The Intimacy of Yoga
I have been teaching yoga for a few years now and for some reason it took me a while to pinpoint what I love most about teaching. It’s the intimacy. We spend so much time isolating ourselves, walking by each other in the store, yelling at each other from inside our cars, putting up fences between our house and our neighbors’, making idle conversation at work, but when do we really get to know someone and be honest about who we are? Most of us have a handful of good friends and family members who know us well, but why do we hold back so much of ourselves from the rest of the world? It’s as if we all have created an unspoken agreement that problems and emotional vulnerability make us unlikable people. In this Facebook culture, we strive to make our lives look as fabulous as possible from behind a screen and we forget what truly opening up to other people feels like.
On Fridays I teach a morning Power Yoga class and have a handful of regulars. One of those women came in recently and looked visibly shaken. Her eyes were glossy with emotion, her posture that of someone in pain. She walked up to me and said, “If I seem off today it’s because my husband died yesterday, but I needed to come in. I needed to move and I needed your light.” Her words shook me to the core. In that moment I realized how much I affect people as a teacher and how much they put trust in me. My job becomes to create a space where people come to feel good and to feel safe. There is really not much beyond that. Will they be physically challenged, will they sweat, will they grow stronger or more flexible, will they calm their mind? Sure, but none of that could happen if they did not feel safe with me and if they did not walk away feeling good. It also reminded me of how much can be happening in someone’s life without them talking to you about it. Sure she said something to me, but what if she hadn’t? I would have known something was different, but I never would have guessed that the woman in Child’s Pose in front of me had lost her husband to a battle with cancer just one day earlier.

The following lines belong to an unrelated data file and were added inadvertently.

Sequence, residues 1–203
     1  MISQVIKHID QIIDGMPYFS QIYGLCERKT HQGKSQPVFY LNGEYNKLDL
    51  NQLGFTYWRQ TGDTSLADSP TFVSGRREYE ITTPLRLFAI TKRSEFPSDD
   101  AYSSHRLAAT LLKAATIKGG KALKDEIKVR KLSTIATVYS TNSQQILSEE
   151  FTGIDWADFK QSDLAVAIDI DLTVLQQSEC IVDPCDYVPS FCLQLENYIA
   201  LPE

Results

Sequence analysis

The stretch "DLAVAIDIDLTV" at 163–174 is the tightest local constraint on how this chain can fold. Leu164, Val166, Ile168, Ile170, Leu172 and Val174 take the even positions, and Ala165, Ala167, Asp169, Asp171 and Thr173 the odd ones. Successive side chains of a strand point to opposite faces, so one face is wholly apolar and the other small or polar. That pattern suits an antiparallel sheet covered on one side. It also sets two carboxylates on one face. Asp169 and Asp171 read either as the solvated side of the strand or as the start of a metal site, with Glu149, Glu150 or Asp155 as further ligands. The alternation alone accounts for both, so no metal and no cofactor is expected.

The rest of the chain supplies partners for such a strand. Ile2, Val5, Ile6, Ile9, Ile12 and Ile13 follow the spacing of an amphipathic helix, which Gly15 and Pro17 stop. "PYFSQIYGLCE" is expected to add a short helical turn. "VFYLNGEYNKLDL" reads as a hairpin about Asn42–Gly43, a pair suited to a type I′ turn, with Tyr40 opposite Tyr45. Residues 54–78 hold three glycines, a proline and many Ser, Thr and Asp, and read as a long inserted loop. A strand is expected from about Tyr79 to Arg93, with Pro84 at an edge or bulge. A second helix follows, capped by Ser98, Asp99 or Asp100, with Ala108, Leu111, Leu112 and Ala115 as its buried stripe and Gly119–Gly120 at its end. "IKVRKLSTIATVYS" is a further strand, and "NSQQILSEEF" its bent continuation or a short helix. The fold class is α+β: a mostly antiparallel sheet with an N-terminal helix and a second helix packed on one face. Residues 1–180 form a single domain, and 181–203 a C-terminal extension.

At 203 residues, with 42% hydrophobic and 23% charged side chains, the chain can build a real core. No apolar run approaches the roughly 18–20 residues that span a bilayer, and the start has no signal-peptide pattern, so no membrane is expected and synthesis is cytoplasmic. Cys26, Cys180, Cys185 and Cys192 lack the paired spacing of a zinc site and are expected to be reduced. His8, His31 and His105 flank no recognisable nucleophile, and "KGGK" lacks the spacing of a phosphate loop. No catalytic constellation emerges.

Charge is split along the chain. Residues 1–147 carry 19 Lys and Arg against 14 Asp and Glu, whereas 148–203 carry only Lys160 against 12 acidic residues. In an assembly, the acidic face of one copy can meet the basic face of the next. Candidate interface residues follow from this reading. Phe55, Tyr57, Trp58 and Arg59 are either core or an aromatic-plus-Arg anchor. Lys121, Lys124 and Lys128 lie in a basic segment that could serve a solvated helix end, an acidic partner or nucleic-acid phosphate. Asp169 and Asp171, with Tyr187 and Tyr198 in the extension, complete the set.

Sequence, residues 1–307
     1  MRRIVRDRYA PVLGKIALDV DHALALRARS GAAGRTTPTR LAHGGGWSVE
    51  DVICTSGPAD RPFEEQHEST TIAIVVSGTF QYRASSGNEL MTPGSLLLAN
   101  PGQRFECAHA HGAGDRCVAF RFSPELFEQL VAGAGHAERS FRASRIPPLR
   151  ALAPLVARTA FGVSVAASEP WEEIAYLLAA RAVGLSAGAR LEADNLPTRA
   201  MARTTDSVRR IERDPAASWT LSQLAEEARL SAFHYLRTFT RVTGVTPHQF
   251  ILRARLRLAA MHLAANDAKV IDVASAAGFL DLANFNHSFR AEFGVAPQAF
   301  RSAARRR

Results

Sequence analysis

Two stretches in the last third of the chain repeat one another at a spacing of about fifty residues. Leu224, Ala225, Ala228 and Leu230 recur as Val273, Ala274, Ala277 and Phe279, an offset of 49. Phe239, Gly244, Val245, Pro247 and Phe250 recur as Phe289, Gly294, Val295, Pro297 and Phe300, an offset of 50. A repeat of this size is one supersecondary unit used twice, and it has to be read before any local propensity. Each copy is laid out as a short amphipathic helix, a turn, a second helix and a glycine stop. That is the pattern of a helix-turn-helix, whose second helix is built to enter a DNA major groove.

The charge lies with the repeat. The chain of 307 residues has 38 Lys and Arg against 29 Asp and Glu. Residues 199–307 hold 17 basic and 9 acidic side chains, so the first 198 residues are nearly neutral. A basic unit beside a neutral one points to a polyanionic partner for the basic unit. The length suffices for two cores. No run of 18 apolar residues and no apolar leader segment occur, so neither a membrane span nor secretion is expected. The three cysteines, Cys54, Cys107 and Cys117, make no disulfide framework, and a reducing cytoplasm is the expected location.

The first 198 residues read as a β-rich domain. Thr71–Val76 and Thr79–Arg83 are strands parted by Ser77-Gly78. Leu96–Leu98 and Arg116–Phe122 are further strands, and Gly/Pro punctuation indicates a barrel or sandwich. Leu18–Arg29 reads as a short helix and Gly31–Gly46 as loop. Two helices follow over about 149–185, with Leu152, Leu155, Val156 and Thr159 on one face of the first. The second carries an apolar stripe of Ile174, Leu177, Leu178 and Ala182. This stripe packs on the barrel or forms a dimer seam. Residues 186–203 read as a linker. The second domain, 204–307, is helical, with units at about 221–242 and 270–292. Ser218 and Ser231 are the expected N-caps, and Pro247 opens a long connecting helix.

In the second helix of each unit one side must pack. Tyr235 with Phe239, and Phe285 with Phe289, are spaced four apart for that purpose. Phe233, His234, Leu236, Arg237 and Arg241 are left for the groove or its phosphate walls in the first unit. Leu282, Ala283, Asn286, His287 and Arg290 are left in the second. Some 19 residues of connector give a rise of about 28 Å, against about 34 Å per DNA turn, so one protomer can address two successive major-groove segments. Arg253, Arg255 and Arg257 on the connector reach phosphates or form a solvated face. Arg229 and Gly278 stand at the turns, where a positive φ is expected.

That experience has stuck with me through all my classes since then. I am more aware, more open, and in turn more alive because of that moment. I’ve also noticed so much more about my students. A woman who I know as a very put together woman who stays very busy as a consultant, has scars from wrist to elbow… scars that can only be self inflicted. Another woman came in directly after finding that her boyfriend of nine years had been cheating on her for over a year. I have seen people battle insecurity, injury, and fear all because they trusted me to be their teacher and because they made the choice to connect with me as a person. Yoga is truly one of the most intimate ways two near strangers could ever interact, and for that I will be endlessly grateful to call myself a yoga instructor.
By Anna Hanson
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